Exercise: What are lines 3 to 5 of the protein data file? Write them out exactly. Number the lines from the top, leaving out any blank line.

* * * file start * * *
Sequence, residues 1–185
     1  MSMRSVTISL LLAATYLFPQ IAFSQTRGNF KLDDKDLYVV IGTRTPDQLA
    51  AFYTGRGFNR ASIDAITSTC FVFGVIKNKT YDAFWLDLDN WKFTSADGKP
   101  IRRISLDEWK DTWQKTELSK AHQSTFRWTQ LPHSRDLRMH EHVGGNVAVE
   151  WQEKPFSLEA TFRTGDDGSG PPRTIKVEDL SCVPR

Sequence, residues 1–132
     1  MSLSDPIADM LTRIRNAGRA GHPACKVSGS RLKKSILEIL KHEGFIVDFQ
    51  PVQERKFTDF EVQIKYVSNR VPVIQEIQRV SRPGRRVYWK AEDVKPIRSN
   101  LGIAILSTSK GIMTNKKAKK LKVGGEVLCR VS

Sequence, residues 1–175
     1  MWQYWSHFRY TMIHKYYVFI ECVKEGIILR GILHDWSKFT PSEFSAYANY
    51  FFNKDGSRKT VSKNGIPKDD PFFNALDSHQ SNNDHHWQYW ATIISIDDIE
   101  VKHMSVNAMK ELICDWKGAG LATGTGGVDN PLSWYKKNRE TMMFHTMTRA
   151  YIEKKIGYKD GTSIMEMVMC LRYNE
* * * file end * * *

    51  AFYTGRGFNR ASIDAITSTC FVFGVIKNKT YDAFWLDLDN WKFTSADGKP
   101  IRRISLDEWK DTWQKTELSK AHQSTFRWTQ LPHSRDLRMH EHVGGNVAVE
   151  WQEKPFSLEA TFRTGDDGSG PPRTIKVEDL SCVPR